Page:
In this tutorial, you’ll learn how to emulate a do-while loop in Python.

In any programming language, loops help you perform certain actions repeatedly, depending on a looping condition. Python supports the while and for loop constructs but does not natively support the do-while loop.

However, you can emulate a do-while loop by understanding how it works— using existing loops and loop control statements in Python.

You’ll learn how to do this over the next few minutes. Let’s begin!

What is the Do-While Loop Construct?

What is the Do-While Loop Construct

If you have programmed in languages such as C or C++, you’d have probably come across the do-while loop construct.

In a do-while loop, the set of statements in the loop body—within the block delimited by curly braces—are executed first and then the looping condition is checked.

You can run the following C examples in Geekflare’s online C compiler—right from your browser.

Consider the following code snippet:

//do_while_example1

#include <stdio.h>

int main() {
    int count = 1;
    printf("Do-While loop: \n");
    
    do{
        printf("Loop runs...");
        }while(count<0);

    return 0;
}

Here’s the output.

Output

Do-While loop: 
Loop runs...

In the above example:

  • The value of count is 1, and the looping condition is count < 0. However, the loop runs once even though the looping condition is initially False.
  • This is in contrast to a while loop that only executes if the looping condition is True in the first place.
//while_example1

#include <stdio.h>

int main() {
    int count = 1;
    printf("While loop: \n");
    
    while(count<0){
        printf("Loop runs...");
        }

    return 0;
}

As mentioned, the looping condition, count < 0 is False initially the count variable is initialized to 1. So upon compiling and running the above code, we see that the statement in the while loop body is not executed.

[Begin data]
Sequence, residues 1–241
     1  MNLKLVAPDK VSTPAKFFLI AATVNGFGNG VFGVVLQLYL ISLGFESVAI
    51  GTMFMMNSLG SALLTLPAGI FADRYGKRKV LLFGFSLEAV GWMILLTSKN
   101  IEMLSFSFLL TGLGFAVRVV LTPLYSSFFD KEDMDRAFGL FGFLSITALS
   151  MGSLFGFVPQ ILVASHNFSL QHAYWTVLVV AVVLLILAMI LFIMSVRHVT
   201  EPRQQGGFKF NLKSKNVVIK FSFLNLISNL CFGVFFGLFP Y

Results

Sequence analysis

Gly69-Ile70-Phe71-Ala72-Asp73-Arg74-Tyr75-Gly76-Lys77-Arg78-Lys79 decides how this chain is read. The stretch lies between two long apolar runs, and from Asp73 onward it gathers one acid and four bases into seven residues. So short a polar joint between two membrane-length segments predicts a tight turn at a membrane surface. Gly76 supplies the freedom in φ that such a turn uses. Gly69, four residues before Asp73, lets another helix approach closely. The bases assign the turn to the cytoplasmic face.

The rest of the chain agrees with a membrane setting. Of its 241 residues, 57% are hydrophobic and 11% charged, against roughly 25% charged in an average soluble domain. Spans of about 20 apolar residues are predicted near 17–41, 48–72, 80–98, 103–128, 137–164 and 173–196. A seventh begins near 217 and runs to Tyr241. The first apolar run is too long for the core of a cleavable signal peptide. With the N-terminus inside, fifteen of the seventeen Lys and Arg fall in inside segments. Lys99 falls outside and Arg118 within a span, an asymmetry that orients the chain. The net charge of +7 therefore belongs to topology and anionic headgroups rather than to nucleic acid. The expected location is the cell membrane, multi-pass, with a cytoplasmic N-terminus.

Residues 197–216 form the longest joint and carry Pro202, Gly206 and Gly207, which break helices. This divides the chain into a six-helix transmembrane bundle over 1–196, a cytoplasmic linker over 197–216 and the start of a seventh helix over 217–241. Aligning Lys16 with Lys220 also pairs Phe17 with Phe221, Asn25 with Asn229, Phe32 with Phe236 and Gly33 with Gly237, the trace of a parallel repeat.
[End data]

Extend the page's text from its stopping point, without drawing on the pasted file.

Output

While loop: 
//loop body does not run!

While vs. Do-While: An Overview of the Differences

Let’s take a closer look at the differences between while and do-while loops.

While vs Do-While: An Overview of the Differences

Consider this example:

//do_while_example2

#include <stdio.h>

int main() {
    int count = 1;
    printf("Do-while loop: \n");
    
    do{
       printf("%d\n",count);
       count++;
    }while(count<5);

    return 0;
}

In the above code cell:

  • The count variable is initialized to 1.
  • We use a do-while loop.
  • The count variable is incremented by 1 during each pass through the loop, and the looping condition is set to count < 5.

Here’s a visual explanation of how the execution occurs: how the do-while loop works and checks for the looping condition four times.

do-while-loop-example
Output

Do-while loop: 
1
2
3
4

If you use a while loop instead, this is what we’d have.

//while_example2

#include <stdio.h>

int main() {
    int count = 1;
    printf("While loop: \n");
    
    while(count<5){
       printf("%d\n",count);
       count++;
    };

    return 0;
}

The figure below explains the while loop’s execution; in this example, the while loop checks the looping condition five times.

while-loop-example
Output

While loop: 
1
2
3
4